The Voyager of the Seas

Sailing Date: October 15, 2000 through October 22, 2000
Itinerary: Port of Miami to Labadee, Haiti;Ocho Rios, Jamaica; Cozumel, MX
Maiden Voyage
  Passenger Capicity (dbl)
  Space Ratio/Passenger
45.6 ft/pass
1,020 feet
  Normal Crew Size
127 feet
  Crew Nationality
29 feet
  Nationality of Officers
Registration Country
  Crew Nationality
     I guess I want to begin with the stateroom. We could have cruised aboard the Voyager for $899/pp - this included port costs but does NOT include airfare. The accommodations would have been an outside stateroom (with window) on decks 1, 2 or 3. The staterooms in this class are small but very adequate. We chose to upgrade to a Category C - which was impossible to find a picture of prior to cruising. So, we took a few pictures of the Category C stateroom and you can see them for yourself. This category cost me $1,299/PP so we paid a total of $800 more for the "suite" category. There is a smaller "suite" - Category D - but I promise you, the "C" is wonderful. We even had a walk-in closet which is larger than the one we have at home. The balcony was 69 sq. feet - furnished with table, two chairs and a lounge chair - the stateroom was upwards of 277 sq. ft. with glass sliding doors ceiling to floor, wall to wall -- wonderful for sitting out early in the morning and late at night. Imagine the entire end of your suite being all glass and affording you a breathtaking view of the ocean -- it was well worth the extra money.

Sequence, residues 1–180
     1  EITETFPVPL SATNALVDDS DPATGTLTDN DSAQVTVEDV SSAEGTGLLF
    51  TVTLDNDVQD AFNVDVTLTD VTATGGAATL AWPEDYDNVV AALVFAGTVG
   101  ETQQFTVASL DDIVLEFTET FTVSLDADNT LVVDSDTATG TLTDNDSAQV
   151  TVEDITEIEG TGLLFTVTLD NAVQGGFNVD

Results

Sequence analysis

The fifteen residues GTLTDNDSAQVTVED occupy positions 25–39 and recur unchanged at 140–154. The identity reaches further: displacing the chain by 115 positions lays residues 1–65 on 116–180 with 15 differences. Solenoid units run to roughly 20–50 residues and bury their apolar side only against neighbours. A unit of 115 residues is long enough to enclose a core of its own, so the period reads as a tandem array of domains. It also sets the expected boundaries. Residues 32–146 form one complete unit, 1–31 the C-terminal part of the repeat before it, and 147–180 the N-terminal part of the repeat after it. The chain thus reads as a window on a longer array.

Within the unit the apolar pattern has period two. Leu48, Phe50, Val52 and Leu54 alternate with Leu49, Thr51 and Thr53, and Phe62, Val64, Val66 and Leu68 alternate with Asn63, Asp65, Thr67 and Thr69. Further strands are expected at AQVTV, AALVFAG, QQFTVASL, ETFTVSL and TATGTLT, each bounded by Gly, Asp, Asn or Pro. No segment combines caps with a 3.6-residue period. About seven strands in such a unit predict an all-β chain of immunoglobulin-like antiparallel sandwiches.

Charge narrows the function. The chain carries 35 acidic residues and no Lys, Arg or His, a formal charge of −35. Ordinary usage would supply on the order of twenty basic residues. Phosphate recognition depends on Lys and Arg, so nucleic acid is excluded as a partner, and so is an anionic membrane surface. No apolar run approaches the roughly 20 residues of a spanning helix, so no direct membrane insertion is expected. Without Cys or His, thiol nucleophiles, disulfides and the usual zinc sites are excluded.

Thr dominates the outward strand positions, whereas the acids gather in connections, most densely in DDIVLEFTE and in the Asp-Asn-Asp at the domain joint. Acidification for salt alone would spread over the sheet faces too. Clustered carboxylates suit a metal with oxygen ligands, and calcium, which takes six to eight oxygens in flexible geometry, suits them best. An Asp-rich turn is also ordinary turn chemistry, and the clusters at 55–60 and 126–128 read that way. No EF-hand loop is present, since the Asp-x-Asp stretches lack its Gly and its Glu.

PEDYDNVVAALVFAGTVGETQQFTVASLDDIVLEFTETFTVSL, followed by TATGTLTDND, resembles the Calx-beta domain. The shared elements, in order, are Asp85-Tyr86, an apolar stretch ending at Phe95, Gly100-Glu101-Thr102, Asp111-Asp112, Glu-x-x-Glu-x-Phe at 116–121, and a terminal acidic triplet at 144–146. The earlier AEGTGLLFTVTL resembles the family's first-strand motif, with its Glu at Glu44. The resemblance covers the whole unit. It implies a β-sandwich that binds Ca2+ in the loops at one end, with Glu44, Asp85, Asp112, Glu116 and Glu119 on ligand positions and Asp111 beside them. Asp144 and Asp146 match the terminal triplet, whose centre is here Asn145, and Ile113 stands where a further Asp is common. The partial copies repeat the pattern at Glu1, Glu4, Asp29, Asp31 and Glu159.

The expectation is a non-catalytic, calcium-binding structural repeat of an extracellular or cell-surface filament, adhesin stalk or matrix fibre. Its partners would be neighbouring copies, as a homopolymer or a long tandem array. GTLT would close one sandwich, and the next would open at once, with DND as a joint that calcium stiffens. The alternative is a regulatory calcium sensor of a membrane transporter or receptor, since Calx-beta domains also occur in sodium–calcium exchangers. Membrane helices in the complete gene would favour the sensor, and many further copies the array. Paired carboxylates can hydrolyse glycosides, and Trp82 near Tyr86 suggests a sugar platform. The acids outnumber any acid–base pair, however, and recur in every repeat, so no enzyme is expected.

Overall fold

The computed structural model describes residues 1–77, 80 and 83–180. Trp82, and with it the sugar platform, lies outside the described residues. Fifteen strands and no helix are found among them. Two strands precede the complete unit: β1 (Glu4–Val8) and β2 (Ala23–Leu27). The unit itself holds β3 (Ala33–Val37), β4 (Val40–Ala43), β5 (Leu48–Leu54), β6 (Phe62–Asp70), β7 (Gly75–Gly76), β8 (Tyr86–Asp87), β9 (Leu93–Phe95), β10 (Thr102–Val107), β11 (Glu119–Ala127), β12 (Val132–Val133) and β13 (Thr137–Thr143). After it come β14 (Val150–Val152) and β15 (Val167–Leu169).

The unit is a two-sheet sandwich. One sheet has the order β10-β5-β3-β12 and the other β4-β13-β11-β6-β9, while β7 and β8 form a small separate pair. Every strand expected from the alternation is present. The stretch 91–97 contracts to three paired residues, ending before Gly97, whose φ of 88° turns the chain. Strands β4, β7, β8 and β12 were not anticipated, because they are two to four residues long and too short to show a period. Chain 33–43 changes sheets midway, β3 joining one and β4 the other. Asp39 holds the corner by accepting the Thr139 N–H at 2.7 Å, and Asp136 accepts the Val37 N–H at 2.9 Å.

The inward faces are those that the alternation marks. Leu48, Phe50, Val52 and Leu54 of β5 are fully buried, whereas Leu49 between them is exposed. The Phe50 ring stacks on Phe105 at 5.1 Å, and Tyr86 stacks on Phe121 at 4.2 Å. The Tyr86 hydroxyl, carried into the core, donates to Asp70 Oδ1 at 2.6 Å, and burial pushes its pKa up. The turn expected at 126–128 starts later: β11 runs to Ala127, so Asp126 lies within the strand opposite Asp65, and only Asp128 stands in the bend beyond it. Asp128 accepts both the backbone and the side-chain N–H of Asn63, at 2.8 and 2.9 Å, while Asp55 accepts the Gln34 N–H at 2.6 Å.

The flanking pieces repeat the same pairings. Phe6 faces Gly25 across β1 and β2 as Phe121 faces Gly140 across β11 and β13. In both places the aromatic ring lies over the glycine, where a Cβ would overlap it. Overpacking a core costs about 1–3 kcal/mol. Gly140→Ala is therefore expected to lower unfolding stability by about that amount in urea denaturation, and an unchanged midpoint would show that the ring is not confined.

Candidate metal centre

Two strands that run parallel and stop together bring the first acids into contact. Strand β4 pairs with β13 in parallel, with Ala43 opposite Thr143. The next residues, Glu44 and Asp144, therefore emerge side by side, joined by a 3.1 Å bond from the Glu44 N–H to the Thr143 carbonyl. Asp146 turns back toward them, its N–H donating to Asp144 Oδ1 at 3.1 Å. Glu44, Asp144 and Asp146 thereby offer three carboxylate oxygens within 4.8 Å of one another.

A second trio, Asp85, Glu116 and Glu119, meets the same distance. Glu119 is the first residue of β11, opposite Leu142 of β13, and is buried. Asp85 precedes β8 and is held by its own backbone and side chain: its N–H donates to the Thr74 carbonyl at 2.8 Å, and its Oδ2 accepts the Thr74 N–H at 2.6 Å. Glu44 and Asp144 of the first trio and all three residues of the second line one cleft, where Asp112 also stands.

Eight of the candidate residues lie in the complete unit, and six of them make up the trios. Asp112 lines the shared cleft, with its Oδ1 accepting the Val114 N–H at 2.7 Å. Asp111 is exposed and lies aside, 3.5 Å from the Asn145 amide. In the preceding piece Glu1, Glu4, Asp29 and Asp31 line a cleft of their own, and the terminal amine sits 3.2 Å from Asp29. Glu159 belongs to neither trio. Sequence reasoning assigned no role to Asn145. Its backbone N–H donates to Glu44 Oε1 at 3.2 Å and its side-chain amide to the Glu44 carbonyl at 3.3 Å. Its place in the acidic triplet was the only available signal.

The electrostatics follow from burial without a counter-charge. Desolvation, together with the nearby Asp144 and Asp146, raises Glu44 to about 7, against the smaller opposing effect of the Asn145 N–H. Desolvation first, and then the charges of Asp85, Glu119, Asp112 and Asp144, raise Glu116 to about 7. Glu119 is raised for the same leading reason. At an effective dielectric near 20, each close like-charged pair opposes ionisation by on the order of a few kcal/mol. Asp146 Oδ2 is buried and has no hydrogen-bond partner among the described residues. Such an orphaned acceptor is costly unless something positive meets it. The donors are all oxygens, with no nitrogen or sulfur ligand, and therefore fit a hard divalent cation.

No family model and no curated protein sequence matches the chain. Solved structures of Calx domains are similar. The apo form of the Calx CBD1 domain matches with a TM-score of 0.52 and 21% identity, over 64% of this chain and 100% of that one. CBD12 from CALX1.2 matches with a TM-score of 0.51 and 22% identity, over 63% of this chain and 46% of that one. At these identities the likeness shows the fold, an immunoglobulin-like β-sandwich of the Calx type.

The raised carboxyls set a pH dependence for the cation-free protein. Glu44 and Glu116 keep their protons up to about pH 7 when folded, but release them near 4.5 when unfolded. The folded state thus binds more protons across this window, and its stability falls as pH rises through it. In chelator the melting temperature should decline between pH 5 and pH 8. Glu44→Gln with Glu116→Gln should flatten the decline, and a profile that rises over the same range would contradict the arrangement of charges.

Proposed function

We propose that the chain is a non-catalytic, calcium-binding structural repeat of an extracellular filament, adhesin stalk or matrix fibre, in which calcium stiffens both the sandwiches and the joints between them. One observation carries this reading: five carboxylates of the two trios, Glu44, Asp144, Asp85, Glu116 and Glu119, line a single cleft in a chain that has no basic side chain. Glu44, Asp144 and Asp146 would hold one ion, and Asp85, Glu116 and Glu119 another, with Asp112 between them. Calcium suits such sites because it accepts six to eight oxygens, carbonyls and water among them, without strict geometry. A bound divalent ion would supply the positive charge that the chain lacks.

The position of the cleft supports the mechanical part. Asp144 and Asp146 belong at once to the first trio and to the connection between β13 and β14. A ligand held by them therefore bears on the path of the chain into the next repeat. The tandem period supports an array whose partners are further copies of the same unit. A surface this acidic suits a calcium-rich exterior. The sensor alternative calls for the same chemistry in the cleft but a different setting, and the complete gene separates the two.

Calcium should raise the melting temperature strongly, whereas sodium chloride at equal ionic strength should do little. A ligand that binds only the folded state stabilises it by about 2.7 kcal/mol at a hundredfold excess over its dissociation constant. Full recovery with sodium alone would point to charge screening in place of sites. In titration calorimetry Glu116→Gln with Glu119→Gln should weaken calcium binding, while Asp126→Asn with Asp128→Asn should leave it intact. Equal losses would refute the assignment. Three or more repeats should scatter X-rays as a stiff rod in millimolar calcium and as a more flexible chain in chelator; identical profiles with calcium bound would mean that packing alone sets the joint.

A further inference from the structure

The glass sliding doors expanded the entire end of our stateroom - all glass - and the curtains were layered - white sheers for diverting the sun (if you wanted to) and then lined-drapes to totally block out the light - heck, it was better than the drapes the hotels in Las Vegas use to darken rooms. We had a mini-bar which I protested initially as I wanted the use of the refrigerator, instead. Our cabin steward, however, assured me he would be delighted to "empty" the mini-bar so we could use the refrigerator. I -rethought- that option and told myself that I could afford the mini-bar if I could afford the stateroom - until Wednesday when I looked at the cost of the cashews - $6.99 per jar - so by Wednesday we had eaten $14 in "NUTS". *LOL* Well, we learn as we go, don't we!
This is the largest cruise ship in the world - well, besides her sister-ship. In excess of 142,000 tons and over 45 sq. ft. per person - incredible! And here is husband Jack enjoying a stroll on the beach at Labadee. This beach is available to Royal Caribbean cruise ships only! Lovely beach.
So many lounges - too many to count. The 19th Hole is on the 14th level (deck) - the view is breathtaking - and a fun place to hangout.

This is a view we had from a lounge on deck 14 - there were two large swimming pools below. Always lots of activities going on including a band playing continuously.

But here is Jack at the Casino Royal - looking for the blackjack table, eh? This is the largest casino afloat - it's absolutely beautiful - and you can win here, as well!! In the far back you will see an 18 hole miniature golf course - there is also a full-sized basketball court and the rock wall for climbing along with in-line skating track.
Most of the elevators are "glassed" and overlook the promenade. This area is approximately 9 decks high and affords you a spectacular view - of the center of the ship. The carpet on the elevator floors is changed daily for each day of the week. You just look down and you won't forget which day it is!

Ah, the fun to be had at the Pig & Whistle. A great gathering place on the promenade with tables in the "street". Friendships were formed here.The decor changed everyday. Here you see the Flags of Nations theme. A new theme for each day.